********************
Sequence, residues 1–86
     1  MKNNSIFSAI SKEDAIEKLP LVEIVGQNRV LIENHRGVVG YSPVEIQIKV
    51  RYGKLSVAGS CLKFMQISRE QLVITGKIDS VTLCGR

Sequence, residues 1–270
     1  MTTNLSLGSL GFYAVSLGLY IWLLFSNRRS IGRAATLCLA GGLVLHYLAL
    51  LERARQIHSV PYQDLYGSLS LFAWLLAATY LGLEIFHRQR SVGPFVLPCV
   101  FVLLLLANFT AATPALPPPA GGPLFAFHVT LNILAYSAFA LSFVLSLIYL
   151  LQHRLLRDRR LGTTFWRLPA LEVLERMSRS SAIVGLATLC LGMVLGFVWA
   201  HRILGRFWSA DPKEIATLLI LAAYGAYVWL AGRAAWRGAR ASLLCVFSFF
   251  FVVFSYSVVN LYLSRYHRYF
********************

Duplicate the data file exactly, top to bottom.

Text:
Sequence, residues 1–86
     1  MKNNSIFSAI SKEDAIEKLP LVEIVGQNRV LIENHRGVVG YSPVEIQIKV
    51  RYGKLSVAGS CLKFMQISRE QLVITGKIDS VTLCGR

Sequence, residues 1–270
     1  MTTNLSLGSL GFYAVSLGLY IWLLFSNRRS IGRAATLCLA GGLVLHYLAL
    51  LERARQIHSV PYQDLYGSLS LFAWLLAATY LGLEIFHRQR SVGPFVLPCV
   101  FVLLLLANFT AATPALPPPA GGPLFAFHVT LNILAYSAFA LSFVLSLIYL
   151  LQHRLLRDRR LGTTFWRLPA LEVLERMSRS SAIVGLATLC LGMVLGFVWA
   201  HRILGRFWSA DPKEIATLLI LAAYGAYVWL AGRAAWRGAR ASLLCVFSFF
   251  FVVFSYSVVN LYLSRYHRYF